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Houzenga v. City of Moline

United States District Court, C.D. Illinois, Peoria Division

June 2, 2014

SCOTT HOUZENGA, Plaintiff,
v.
CITY OF MOLINE, ILLINOIS, and TODD ALLEN, Defendants.

ORDER

JAMES E. SHADID, Chief District Judge.

This matter is now before the Court on Plaintiff's Motion for Reconsideration from the granting of Defendants' Motion for Summary Judgment. For the reasons set forth below, the Motion for Reconsideration [30] is DENIED.

DISCUSSION

"Motions for reconsideration serve a limited function: to correct manifest errors of law or fact or to present newly discovered evidence." Caisse Nationale de Credit v. CBI Industries , 90 F.3d 1264, 1269 (7th Cir. 1996). Furthermore, it is not appropriate to argue matters that could have been raised in prior motions or rehash previously rejected arguments in a motion to reconsider. Id. at 1270.

Plaintiff seeks reconsideration of the Court's April 14, 2014, Order based on the suggestion that the Court erroneously concluded that he did not demonstrate an adverse employment action. Specifically, Plaintiff suggests that the Court failed to consider the delay in investigating his grievance and his denial of a promotion in 2012 under either his discrimination or retaliation claims. In support of his first argument, Plaintiff cites Velikonja v. Gonzales , 466 F.3d 122 (D.C.Cir. 2006), but his reliance is misplaced. In Velikonja, the plaintiff was employed by the FBI and alleged that the FBI referred her to their investigations unit to prevent her from receiving promotions until the complaints were resolved, and the FBI admitted that this would constitute an adverse employment action. Accordingly, a lengthy and protracted investigation would have increased the time during which the plaintiff was denied career-enhancing assignments and promotions. That was not the case here, as Plaintiff requested the investigation - there was no evidence that it was thrust upon him for some ulterior purpose. Nor was there evidence that Plaintiff was penalized by denial of career-enhancing assignments or promotions which his grievance was investigated. In other words, the delay in investigating Plaintiff's complaints in this case does not come close to rising to the level found to be an adverse employment action in Velikonja.

Next, Plaintiff challenges the Court's determination that his failure to be promoted to the rank of lieutenant in 2012 was not an adverse employment action. Plaintiff's claim was based on his suggestion that his oral interview score was unexpectedly low despite his leadership experience and classes that he had taken, which "creates a clear inference that he was denied a promotion as a result of invidious discrimination." Contrary to Plaintiff's suggestion, the Court did not find that a failure to promote could never constitute an adverse employment action. Rather, it simply did not under the facts of this case. The only record evidence cited in support of this brief claim is Plaintiff's deposition, which actually stated that he couldn't say for sure that his interviewer scored him low for any certain reason and that he didn't know why he received a low score on his oral interview. (Houzenga Dep. at 10-12) He made the promotion list, but was not ultimately selected. He does not know who was selected for the promotion or how their scores or qualifications compared to his, and there is no indication that any of the superior officers involved in the 2009-10 situations were involved in the promotion decision more than two years later in 2012.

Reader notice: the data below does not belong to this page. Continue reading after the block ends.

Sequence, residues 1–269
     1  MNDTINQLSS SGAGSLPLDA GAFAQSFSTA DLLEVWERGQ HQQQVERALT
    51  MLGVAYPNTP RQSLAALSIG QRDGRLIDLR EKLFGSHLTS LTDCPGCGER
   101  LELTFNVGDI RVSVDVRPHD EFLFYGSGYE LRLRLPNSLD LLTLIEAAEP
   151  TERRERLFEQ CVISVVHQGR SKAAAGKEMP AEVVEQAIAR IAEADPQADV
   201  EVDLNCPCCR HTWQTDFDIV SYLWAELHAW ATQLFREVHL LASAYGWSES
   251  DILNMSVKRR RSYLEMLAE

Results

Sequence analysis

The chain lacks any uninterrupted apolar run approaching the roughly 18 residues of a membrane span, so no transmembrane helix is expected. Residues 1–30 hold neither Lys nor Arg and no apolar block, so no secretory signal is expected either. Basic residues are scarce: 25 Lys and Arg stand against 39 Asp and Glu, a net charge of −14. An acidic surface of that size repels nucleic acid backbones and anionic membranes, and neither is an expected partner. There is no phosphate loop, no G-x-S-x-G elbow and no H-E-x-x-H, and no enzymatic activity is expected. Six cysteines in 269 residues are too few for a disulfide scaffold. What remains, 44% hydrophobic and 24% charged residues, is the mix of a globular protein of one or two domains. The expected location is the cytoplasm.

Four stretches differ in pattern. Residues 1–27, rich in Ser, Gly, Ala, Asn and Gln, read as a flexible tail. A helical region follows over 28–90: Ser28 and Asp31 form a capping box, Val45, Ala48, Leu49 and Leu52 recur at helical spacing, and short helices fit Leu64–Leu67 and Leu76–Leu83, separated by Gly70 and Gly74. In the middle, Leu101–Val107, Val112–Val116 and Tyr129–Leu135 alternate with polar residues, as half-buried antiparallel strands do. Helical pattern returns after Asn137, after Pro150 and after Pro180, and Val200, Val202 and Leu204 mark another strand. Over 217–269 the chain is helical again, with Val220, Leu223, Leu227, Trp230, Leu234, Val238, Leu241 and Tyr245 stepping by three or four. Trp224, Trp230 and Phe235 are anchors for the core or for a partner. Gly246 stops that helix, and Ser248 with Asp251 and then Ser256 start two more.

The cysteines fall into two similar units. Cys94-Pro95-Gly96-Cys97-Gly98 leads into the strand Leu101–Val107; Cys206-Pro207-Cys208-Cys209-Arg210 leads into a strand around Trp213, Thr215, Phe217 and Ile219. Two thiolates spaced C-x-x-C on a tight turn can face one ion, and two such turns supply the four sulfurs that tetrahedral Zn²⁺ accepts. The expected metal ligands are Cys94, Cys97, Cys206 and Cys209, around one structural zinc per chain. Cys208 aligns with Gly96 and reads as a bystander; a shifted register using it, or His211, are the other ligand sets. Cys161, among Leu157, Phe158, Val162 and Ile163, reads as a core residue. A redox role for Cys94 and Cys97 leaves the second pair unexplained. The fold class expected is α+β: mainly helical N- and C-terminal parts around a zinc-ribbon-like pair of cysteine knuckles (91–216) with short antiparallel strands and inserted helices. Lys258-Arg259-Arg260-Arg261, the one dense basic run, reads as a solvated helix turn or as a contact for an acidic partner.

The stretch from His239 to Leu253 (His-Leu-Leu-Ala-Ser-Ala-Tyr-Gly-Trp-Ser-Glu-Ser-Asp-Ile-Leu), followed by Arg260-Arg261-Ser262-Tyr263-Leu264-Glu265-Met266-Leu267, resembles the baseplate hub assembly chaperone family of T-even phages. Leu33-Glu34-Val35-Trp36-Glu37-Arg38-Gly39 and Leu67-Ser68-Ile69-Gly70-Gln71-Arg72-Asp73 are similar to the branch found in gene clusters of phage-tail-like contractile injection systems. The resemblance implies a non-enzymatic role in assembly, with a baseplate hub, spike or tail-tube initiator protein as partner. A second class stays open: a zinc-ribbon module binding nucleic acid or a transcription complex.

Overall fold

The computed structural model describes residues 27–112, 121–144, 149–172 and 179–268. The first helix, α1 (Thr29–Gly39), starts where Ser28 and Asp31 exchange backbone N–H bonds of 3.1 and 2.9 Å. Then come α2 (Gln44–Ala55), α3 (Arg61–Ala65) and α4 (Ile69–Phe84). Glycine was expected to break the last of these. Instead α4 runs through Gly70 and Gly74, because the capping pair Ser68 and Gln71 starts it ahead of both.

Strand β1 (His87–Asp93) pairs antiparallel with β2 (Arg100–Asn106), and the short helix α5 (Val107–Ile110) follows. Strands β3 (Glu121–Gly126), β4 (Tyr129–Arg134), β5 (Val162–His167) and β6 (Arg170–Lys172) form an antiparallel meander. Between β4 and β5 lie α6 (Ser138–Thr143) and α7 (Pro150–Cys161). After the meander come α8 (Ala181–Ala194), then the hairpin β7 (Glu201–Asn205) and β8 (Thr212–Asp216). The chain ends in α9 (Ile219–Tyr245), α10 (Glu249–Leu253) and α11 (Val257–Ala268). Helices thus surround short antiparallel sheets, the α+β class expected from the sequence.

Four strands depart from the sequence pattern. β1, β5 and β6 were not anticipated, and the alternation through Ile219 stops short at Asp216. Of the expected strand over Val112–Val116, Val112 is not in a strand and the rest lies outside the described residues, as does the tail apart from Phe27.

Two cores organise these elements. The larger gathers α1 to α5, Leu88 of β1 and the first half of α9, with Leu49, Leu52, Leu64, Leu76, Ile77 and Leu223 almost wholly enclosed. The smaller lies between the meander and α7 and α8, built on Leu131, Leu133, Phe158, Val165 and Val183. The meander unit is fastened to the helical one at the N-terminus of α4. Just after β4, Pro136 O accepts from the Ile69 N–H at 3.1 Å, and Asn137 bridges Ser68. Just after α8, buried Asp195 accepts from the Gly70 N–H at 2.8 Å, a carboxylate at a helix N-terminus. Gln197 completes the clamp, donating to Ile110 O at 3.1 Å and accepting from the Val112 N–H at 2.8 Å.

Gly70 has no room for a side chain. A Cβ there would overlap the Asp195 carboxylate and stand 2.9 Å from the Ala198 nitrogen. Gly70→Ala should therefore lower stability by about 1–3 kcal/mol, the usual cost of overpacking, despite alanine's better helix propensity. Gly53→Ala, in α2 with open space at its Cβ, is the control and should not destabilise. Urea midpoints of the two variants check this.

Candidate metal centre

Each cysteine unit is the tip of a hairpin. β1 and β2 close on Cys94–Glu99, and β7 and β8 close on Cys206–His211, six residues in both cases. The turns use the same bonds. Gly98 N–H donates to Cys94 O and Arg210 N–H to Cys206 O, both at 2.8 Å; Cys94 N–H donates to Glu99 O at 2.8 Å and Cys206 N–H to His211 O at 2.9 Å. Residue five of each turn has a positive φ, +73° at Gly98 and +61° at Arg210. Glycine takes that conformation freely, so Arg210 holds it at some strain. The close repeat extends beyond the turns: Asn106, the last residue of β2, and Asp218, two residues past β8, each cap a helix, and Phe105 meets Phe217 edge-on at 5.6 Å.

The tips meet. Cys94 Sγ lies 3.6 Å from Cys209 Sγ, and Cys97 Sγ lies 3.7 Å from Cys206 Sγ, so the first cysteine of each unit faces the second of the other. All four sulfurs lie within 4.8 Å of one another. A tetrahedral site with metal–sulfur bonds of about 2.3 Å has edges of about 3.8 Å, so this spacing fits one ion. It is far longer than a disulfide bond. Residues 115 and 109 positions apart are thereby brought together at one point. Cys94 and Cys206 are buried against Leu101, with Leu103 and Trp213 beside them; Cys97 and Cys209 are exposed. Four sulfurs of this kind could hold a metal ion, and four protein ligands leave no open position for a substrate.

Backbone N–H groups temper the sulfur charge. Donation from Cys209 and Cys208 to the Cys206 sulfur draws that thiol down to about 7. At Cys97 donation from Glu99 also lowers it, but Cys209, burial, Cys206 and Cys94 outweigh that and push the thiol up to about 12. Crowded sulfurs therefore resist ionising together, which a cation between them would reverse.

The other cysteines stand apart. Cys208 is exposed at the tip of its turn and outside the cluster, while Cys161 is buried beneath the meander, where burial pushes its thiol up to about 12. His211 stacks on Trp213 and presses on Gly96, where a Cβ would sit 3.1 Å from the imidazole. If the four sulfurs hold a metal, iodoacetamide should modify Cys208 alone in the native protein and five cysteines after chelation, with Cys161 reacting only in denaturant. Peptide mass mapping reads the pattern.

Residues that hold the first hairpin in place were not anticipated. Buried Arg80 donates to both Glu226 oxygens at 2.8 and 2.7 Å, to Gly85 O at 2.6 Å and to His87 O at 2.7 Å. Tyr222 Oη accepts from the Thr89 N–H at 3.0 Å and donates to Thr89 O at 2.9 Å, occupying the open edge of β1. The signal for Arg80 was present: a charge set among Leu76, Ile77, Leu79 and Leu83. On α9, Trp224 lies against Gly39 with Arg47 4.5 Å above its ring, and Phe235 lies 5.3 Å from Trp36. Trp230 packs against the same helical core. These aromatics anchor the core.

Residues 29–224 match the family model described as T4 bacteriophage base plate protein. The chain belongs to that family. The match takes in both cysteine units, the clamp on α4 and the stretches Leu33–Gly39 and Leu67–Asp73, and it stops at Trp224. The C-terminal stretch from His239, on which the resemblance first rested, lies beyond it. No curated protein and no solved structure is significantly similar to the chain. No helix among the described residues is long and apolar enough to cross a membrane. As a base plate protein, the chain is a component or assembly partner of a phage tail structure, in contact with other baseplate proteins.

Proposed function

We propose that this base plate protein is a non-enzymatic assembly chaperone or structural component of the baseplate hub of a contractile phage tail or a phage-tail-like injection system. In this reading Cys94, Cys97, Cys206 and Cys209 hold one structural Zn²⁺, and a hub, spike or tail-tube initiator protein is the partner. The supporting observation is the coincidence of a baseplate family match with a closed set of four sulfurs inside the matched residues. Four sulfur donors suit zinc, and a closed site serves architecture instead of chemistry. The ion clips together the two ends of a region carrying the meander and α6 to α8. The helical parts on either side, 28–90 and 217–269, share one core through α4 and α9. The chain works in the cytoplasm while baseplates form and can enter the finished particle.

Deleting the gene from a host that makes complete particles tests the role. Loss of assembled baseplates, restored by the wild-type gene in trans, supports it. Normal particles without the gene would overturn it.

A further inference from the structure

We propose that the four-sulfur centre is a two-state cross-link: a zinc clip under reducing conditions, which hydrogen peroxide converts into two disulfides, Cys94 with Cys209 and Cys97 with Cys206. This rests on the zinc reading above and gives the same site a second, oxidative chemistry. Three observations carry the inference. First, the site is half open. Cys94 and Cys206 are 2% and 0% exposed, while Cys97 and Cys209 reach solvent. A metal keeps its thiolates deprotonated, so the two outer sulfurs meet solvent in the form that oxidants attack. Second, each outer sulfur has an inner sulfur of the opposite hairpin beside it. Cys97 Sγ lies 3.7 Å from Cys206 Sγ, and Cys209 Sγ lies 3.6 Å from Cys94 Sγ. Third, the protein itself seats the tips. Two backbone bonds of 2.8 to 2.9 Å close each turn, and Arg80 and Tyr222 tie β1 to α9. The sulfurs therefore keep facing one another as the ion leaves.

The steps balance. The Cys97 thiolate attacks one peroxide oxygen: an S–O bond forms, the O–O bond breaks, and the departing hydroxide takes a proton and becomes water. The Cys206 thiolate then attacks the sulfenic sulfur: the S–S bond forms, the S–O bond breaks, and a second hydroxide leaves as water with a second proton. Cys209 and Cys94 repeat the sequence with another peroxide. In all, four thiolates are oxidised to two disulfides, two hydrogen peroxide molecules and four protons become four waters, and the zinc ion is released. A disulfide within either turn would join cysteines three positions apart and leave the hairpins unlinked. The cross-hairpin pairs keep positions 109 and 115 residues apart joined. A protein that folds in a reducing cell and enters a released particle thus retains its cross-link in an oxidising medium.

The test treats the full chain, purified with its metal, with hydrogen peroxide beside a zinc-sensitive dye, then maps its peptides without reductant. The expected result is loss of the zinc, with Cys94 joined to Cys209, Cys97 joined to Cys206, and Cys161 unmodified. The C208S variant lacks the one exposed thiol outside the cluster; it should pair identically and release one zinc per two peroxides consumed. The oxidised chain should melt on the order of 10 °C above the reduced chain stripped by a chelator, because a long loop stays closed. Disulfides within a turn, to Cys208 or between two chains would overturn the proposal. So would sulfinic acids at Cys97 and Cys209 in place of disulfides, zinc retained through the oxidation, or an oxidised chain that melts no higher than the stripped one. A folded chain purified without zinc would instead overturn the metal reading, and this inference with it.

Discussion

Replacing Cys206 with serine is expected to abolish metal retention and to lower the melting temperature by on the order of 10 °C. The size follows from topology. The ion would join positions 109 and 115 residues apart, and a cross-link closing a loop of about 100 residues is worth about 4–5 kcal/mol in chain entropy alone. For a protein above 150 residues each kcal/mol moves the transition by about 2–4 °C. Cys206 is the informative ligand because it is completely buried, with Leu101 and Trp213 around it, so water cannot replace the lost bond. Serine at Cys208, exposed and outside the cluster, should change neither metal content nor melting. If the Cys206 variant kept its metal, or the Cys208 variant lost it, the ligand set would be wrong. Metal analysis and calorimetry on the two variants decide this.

Even assuming that Plaintiff's self-serving descriptions of his own skill and qualifications are correct, failure to promote requires a showing that the employee who was promoted requires a showing that the employee who was promoted was not a member of the protected class and was not better qualified. Nichols v. Southern Illinois University - Edwardsville , 510 F.3d 772, 783 (7th Cir. 2007). As Plaintiff has no idea who was promoted, much less what their qualifications were, the record was simply devoid of any factual basis to make reach such a conclusion. Based on this record, no reasonable juror would make the leap from the fact that he received a lower oral interview score than he would have expected to the conclusion that he was denied a promotion as a result of invidious discrimination on the basis of his gender. Having failed to demonstrate a manifest error of law or fact, his Motion for Reconsideration [30] is denied.


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